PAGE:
When Brother and Daddy were finally ready to go, Brother
swung open the front door and rushed out into a choke of
cloud caused by the fire heating the wet ground. Daddy
shrugged into his peacoat, grimacing with pain. When he
got back home, I told him, Auntie would make him a remedy
to get the damp out of his bones. “Okay, Daddy?” I said.
But Daddy said nothing. His eyes were that icy blue they
got when they were looking off to that other place, the
place that turned him empty inside. The place he thought
he could fill with dice and whisky.
When he stepped out onto the porch, he turned first one
direction, then another, squinting into the gathering fog
like something was out there to get him. Brother beckoned
from where he stood near one of the boreholes in the
street, the long pipe smoking as it vented out of the
ground. Brother waved his little knit hat that he’d
crushed in his hand, but Daddy jogged down the steps,
hands thrust deep into his coat pockets, and walked away
Ma thrust her head over my shoulder and yelled, “And pick
up some milk for god’s sake,” but her words sunk in the
heavy air. Sighing the way she always did before heading
off to the mill, she tilted her head. Gleaming in her
eyes was something as timid as a baby deer. Every now and
then the shy, tender part of her surfaced. “I know you
want to go reading with Auntie,” Ma said to me. “But
don’t forget your chores. Don’t go having no fun first.”
“Yes, Ma,” I said, but as soon as the door closed behind
her, I headed to the kitchen and brewed a pot of tea.
When me and Auntie were alone together, before we settled
down to reading, we always sipped a cup of tea and Auntie
told me things she’d never told anyone else.
That morning me and Auntie sat on the sofa and sipped a
peppermint tea that we’d picked and dried ourselves.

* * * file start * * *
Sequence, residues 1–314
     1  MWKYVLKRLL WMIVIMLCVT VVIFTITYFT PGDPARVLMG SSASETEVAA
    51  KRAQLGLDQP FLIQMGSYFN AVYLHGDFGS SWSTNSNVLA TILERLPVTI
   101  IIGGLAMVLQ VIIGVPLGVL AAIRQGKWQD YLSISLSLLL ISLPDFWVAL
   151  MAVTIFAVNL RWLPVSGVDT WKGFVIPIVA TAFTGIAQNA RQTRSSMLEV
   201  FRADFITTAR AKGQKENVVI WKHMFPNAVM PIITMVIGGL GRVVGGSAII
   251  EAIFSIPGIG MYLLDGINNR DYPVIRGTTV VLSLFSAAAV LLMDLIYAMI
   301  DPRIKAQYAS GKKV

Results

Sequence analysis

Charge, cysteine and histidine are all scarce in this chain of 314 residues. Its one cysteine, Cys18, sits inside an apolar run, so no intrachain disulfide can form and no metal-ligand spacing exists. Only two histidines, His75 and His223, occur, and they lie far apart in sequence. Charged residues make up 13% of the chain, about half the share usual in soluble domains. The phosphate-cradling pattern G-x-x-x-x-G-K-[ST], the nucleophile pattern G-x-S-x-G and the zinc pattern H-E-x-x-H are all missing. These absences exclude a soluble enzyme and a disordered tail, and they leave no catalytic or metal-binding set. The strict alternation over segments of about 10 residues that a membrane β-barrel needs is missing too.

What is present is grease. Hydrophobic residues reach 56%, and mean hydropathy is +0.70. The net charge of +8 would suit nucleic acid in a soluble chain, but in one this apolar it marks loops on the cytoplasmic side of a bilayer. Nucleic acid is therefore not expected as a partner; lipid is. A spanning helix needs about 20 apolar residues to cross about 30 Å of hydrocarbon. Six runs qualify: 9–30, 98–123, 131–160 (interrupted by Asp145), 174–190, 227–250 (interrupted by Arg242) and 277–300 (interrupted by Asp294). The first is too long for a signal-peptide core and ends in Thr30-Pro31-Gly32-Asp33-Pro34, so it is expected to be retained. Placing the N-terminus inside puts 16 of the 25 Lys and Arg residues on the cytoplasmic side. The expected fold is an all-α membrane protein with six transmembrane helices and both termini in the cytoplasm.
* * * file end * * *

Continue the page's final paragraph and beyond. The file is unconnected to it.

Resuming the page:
“Listen now,” Auntie said. “Remember our family picnics
at Culver Lake? And the afternoons we all spent ice-
skating on Adam’s pond? Weren’t they fun?”
I nodded. Auntie knew I loved it when Ma and Brother and
me hunted crayfish along the lakeshore or when Daddy and
I skated backwards across the pond with Ma doing figure
eights around us.
Auntie put a finger to her chin and looked off toward the
window. From the way she opened and shut her mouth
several times I could tell she was searching for the
right words. “And then there were all the times when
something good happened out of the blue. Like when your
ma found fifty dollars just lying on the ground or when
your poem was chosen best in class. You know what I mean?
If you only think about what’s bad, well then, life’s
bad. You see what I’m saying?”
I smiled and stirred my tea, tapping the spoon dry on the
edge of the cup. I had no idea what Auntie was getting
at, but I always wished to please her. I lifted the cup
to my mouth.
Auntie continued, “I guess what I’m trying to say is that
even though both my boys were killed, one on Okinawa, the
other in the mines, I don’t believe in the family curse.”
Shocked by her words, I gulped the tea, burning my
tongue. The curse was as real and basic as sunlight or
water. I couldn’t imagine our lives without it. Scalded,
my tongue felt puffy as I said, “How can you say that,
“There isn’t a family curse,” Auntie explained. “Or
that’s not exactly what I mean. There is one. But it’s
not out there,” she said, pointing out the window. “It’s
in here.” She aimed a thick, slightly crooked finger at
me and prodded my chest.
“Inside me?” I said, pulling at the cable knit of my
sweater as if the curse was hiding somewhere underneath
Auntie sighed. “Not just you. Inside each one of us. You
see we make—” But Auntie was cut off by an explosion deep
in the ground and she completed her thought by saying
something in Ukrainian that I knew was a bad word because